One of Mark Twain's best-loved stories becomes a screen musical in this family-friendly adaptation. Mischievous Huckleberry Finn (Jeff East) is a 15-year-old boy who has long had a difficult relationship with his often violent father. When Dad tried to kidnap him, Huck decides to run away from home, and heads out of town on a raft. Huck is soon joined by Jim (Paul Winfield), a runaway slave who is no more eager to see his master than Huck is to see his father. As the two friends make their way down the Mississippi, they're faced with a variety of challenges and adventures, including a run-in with a pair of shabby but dignified actors, The King (Harvey Korman) and The Duke (David Wayne). Produced in association with Reader's Digest magazine, which in 1973, scored a box-office hit with a musical version of Twain's Tom Sawyer, Huckleberry Finn featured original songs by Richard M. Sherman and Robert B. Sherman, who also wrote the songs for a handful of Disney hits, including Mary Poppins.
Writer:Mark Twain (novel), Robert B. Sherman (screenplay), Richard M. Sherman (screenplay)
Huckleberry Finn| a rambuctious boy adventurer chafing under the bonds of civilization| escapes his humdrum world and his selfish| plotting father by sailing a raft down the Mississippi River. Accompanying him is Jim| a slave running away from being sold. Together the two strike a bond of friendship that takes them through harrowing events and thrilling adventures. . You can read more in Google, Youtube, Wiki
Michelle C (kr) wrote: Fairly effective, highly naturalistic "verite" style film... strong acting, definitely felt like a very "real" story (not much happens, but moments feel authentic). It's not exactly the type of film I usually enjoy, but I appreciate the strength of the execution.
Chris S (es) wrote: Surprisingly entertaining
Pierre F (kr) wrote: Un nanard de trs bonne facture ... Des personnages attachant, un gros badass qui meure en hros ... un vieux savant prisonnier du temps suoper classe... et un hros avec des cheuveux long... COOL
Sean S (mx) wrote: One of the wittiest horror films besides those in the Scream series, Cherry Falls creatively turns the concepts of the slasher genre on their head with a healthy dose of cynicism. Its "parents' misdeeds coming back to haunt their children" plot has been done before and its high school stereotypes help firmly ground the film in its parent genre, however, but the film utilises both in unusual ways and undermines some typical expectations. Truly, the only letdown here is the film flying under the radar of most film fans.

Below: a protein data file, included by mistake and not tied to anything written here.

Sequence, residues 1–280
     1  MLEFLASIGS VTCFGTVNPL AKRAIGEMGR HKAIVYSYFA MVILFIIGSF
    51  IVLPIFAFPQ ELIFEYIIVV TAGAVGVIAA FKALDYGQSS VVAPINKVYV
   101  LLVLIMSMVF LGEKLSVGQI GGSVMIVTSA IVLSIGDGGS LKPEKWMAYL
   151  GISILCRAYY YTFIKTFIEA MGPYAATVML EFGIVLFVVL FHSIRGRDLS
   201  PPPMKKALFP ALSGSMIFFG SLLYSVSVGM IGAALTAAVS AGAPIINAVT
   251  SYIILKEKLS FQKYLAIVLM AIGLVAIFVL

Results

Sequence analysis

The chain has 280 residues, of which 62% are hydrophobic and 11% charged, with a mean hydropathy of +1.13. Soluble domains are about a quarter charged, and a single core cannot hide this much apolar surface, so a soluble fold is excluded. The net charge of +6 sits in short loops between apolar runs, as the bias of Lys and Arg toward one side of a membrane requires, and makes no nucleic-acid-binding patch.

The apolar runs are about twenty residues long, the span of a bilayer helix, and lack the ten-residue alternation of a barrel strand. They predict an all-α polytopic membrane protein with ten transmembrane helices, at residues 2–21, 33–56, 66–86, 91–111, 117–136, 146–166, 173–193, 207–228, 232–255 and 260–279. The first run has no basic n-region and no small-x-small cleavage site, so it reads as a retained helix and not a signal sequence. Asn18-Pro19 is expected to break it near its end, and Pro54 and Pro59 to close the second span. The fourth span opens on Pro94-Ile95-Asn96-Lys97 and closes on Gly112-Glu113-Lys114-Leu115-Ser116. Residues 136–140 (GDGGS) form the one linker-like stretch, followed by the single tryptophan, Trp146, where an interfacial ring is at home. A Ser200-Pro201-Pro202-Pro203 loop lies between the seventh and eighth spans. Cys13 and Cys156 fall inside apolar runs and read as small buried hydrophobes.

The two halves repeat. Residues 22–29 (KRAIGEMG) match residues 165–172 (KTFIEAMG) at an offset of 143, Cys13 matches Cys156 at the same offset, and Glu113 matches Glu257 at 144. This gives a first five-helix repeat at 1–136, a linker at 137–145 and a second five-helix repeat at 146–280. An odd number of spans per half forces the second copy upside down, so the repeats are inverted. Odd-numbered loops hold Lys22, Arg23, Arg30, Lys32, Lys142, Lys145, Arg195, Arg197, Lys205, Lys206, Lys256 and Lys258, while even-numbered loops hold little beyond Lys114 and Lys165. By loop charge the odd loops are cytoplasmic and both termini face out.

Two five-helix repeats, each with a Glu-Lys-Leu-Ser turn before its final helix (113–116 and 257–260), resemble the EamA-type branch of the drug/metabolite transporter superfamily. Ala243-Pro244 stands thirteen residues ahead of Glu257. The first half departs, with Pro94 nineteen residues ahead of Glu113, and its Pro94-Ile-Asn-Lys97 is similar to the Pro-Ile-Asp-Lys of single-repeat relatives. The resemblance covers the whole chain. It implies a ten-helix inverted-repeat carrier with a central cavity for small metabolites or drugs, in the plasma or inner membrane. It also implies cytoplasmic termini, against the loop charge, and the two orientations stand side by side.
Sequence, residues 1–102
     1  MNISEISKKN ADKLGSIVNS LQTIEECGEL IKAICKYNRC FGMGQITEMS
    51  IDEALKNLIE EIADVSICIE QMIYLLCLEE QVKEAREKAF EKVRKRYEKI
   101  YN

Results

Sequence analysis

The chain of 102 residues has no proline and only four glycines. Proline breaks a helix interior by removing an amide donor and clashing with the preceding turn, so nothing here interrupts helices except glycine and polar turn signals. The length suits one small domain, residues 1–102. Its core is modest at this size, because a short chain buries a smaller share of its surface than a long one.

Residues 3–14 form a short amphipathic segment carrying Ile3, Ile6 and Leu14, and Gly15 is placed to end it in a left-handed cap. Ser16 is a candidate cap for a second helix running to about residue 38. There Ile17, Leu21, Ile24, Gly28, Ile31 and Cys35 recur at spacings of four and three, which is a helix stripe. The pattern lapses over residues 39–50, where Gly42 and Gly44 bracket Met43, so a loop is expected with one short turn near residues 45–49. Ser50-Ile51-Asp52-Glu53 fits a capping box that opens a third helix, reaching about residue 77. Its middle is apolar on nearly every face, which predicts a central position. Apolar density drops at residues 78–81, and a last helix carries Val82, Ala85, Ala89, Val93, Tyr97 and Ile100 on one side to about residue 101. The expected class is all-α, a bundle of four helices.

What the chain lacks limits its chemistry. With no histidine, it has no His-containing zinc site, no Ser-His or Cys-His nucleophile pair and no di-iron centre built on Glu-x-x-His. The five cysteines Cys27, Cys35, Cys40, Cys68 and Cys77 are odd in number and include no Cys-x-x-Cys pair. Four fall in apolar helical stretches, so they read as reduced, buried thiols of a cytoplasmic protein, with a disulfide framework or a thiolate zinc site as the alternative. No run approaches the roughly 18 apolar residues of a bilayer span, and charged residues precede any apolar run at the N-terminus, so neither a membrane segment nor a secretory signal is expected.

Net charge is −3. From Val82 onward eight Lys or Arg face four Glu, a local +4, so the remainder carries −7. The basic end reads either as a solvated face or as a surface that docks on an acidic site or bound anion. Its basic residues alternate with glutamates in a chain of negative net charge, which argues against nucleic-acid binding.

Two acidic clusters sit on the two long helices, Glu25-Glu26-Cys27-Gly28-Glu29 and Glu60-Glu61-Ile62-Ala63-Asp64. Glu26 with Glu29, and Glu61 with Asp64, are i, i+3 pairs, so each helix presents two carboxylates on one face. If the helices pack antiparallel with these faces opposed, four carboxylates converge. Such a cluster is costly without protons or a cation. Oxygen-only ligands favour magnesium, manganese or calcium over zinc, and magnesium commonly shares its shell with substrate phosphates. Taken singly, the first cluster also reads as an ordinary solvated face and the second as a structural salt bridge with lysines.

Victor Hugo S (nl) wrote: A long way to nowhere.
Bradley F (ca) wrote: Best film Elvis has done
Carol H (it) wrote: Talk about a waste of time. Not only does it go on for longer than it needs to, but it's also extremely racist.
Michael G (gb) wrote: Paul Newman, Sidney Poitier and Louis Armstrong. Score by Duke Ellington, directed by Martin Ritt. Jazz musicians in Paris. This movie sounds amazing and should be astonishing, right? The problem is that its not. The fifth of the movie that actually has to do with jazz gets farted on by how dislikable Newman's character is or how little you care about Joanne Woodward's character. The whole Poitier contrived social consciousness thing where he walked around with Diahann Carrol for half the movie was dull. Not to mention the nonsensical yet predictable ending. But for as much as I bitch about this movie the scenery and photography were great as was any scene with Armstrong.
Luis H (ru) wrote: Not as good as the first film, but it's still an entertaining sequel nonetheless.
Senor C (jp) wrote: I think I saw this @ the show as a kid..this or Herbie Goes Bananas I don't remember. All these Herbie movies are the basically the same. This one's alright w/ a returning Dean Jones & benefits from having Don Knotts as his sidekick. Herbie competes in the Tour De France & falls in love w/ the #7 car who is driven by a female who thinks Jones is out to sabotage her because Herbie gets a mind of his own whenever he sees her. In the mean time he gets caught up in a diamond heist where the crooks hide the jewel in his gas tank. It's all harmless Disney fun that is just surreal if you stop to think about. Don't. Best to just turn your brain off & be brought back to much simpler times (if you can stick w/ its length)